The dual-review film criticism site: first a spoiler-free review, then an in-depth Alternate Take.
Star Trek Into Darkness

Reviewed by Joseph Oldham.

Director J.J. Abrams
Length 132 mins
Certificate 12A / PG-13
Rating ********--
Filmmaking: 4  Personal enjoyment: 4

Photo from the article Star Trek Into Darkness, the sequel to J.J. Abrams’ 2009 franchise reboot Star Trek, is a thrilling and highly enjoyable film that retains and develops the most promising aspects of the first instalment. It is also enhanced with a greater confidence and thematic complexity.

Into Darkness opens with a mission in which Captain James T. Kirk (Chris Pine) is forced to break the Prime Directive in order to save the life of Commander Spock (Zachary Quinto). Upon his return to Earth he is punished for his irresponsibility and relieved of command of the USS Enterprise. However, soon afterwards Starfleet suffers a devastating series of attacks instigated by its own renegade agent John Harrison (Benedict Cumberbatch). With the Federation on the brink of war, Kirk’s command is reinstated and he is dispatched on a stealth mission to hunt down the fugitive.

As should be clear from this description, the film carries a heavy underlying resonance with global politics of the last decade or so, in particular the War on Terror. If you had been following the promotional material surrounding Into Darkness, it would have been very easy to get a skewed impression of what the film would be. The trailer places an emphasis on civil destruction on Earth and a glowering Cumberbatch and the poster depicts a crashing Enterprise emitting a plume of black smoke. Even the film’s title seem to point towards a Star Trek entering the bleak, nihilistic territory that has increasingly consumed other long-standing franchises, such as Batman and James Bond. Against the apparently interminable War on Terror, humour and humanity seems too often banished in favour of ultra-serious masculine vengeance and reactionary moral lessons.

Fortunately, by contrast, Into Darkness is an absolutely delightful and charming film. At a basic level, it is enormously fun, with Abrams’ desire to "do Star Trek like Star Wars" once again proving perfectly-judged. Indeed, the storytelling, breathlessly exciting action and sense of adventure recall the original Star Wars trilogy at its best, presented unabashedly and refreshingly without irony or embarrassment. Yet woven into this is a thematic complexity approached with deftness and intelligence.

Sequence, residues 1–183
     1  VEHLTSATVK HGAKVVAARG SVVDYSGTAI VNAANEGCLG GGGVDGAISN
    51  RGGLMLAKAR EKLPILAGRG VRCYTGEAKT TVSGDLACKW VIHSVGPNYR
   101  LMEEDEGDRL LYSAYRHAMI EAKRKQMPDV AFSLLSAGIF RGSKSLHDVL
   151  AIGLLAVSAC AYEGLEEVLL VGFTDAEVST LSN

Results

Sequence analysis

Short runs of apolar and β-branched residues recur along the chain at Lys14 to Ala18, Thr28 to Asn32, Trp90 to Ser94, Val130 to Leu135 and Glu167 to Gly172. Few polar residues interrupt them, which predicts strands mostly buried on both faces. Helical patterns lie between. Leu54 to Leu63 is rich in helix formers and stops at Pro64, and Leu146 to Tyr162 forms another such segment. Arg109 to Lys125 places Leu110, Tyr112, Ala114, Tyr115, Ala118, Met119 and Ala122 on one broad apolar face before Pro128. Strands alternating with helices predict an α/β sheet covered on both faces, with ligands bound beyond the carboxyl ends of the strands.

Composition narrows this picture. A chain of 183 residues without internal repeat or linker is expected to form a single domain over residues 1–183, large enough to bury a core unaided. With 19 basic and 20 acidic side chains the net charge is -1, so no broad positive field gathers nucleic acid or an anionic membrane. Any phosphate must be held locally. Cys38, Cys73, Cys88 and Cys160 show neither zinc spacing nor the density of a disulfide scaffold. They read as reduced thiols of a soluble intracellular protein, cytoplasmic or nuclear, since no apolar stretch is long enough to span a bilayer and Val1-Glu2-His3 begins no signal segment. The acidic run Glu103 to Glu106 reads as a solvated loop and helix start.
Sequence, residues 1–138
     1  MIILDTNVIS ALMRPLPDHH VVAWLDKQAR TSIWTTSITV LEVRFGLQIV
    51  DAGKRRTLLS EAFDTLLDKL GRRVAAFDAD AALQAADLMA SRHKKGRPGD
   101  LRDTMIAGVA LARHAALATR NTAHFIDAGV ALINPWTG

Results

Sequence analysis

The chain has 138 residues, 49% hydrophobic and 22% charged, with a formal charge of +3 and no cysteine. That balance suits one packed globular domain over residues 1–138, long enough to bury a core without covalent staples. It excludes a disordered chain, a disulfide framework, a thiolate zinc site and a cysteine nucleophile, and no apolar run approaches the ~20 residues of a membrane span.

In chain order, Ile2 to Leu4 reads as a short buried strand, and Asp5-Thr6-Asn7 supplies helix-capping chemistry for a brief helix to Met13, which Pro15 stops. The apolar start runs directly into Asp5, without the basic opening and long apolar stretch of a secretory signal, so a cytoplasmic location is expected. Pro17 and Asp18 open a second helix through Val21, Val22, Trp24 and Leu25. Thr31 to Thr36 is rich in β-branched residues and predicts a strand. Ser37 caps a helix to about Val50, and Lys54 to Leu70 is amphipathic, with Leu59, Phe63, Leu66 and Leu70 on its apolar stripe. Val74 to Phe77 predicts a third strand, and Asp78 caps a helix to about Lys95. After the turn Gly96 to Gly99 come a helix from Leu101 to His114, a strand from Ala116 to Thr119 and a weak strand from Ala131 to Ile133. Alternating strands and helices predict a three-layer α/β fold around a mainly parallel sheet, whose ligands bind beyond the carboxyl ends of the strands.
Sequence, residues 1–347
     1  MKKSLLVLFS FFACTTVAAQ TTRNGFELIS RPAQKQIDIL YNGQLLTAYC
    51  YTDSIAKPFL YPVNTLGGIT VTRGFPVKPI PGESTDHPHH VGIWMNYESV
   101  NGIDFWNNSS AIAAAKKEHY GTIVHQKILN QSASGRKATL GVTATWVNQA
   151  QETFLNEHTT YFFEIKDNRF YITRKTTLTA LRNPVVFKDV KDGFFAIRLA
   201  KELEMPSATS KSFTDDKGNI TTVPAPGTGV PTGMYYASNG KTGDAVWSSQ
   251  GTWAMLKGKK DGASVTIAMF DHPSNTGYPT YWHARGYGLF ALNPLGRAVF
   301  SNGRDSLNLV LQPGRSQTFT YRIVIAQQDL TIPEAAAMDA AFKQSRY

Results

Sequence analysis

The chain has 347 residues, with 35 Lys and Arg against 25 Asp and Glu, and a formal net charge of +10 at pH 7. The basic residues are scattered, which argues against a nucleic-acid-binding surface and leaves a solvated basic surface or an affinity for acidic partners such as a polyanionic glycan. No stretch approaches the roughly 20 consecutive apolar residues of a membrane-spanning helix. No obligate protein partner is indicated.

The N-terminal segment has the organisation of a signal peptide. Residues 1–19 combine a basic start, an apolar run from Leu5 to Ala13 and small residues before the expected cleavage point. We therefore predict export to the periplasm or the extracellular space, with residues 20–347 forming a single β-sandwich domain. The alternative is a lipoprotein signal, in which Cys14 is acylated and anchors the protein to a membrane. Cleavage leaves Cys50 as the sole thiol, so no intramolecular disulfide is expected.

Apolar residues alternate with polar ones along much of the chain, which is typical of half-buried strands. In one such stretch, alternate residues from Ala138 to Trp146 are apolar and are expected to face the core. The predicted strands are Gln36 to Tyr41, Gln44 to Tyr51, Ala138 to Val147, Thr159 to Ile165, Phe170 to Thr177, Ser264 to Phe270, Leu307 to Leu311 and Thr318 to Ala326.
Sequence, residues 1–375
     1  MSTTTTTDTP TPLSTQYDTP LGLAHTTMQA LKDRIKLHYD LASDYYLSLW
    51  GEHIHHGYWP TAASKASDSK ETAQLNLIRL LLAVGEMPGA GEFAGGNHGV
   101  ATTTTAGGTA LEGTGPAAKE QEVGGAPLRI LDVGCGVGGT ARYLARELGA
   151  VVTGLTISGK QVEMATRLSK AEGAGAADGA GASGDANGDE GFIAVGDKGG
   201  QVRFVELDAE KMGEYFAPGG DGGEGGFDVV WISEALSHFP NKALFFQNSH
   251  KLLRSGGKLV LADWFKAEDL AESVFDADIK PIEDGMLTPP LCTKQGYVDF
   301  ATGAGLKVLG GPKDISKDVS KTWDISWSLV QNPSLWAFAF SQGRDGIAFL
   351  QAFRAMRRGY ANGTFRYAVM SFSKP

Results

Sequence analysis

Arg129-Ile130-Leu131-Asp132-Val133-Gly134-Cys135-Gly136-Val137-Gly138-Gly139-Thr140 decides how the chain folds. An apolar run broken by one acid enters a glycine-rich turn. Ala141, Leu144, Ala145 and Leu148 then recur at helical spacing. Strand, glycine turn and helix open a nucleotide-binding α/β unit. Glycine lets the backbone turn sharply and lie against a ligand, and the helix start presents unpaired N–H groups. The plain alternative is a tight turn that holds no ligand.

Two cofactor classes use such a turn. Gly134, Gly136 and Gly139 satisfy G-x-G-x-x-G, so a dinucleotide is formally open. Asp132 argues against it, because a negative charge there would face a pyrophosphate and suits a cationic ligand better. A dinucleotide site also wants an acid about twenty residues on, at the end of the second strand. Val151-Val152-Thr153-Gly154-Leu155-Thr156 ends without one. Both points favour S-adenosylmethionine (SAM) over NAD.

Despite the radical shift in tempo and texture brought to the series by Abrams, it is ultimately what this film draws from the original Trek that provides its soul. The sense of camaraderie and friendship underpinning the franchise’s liberal humanist values does much to offset and provide a challenge to the darkness suggested by the narrative premise. The new actors are once again fantastic, with the interaction and chemistry between them a highlight throughout. Now that the 2009 film’s divergent timeline plot has been set aside, Pine, Quinto et al are freed from the shadow of the previous cast. They’re given more space to define their characters, and it is substantially more satisfying to see them now confront situations and villains which are "theirs" rather than inherited.

Even the vibrant and colourful production design, which verged a little too far into self-conscious pastiche in the predecessor, seems perfectly in service to the film’s values. For it is through its connection to the past that the Into Darkness resurrects the original series’ 1960s utopianism, using it to critique the nihilistic and cynical gloom of an allegorical War on Terror. Its title may be the most peculiarly misjudged element, for ultimately it serves as a wonderful riposte to such "darkness". It is a highly refreshing adventure film, old-fashioned in the best possible way.

This review was published on May 11, 2013.

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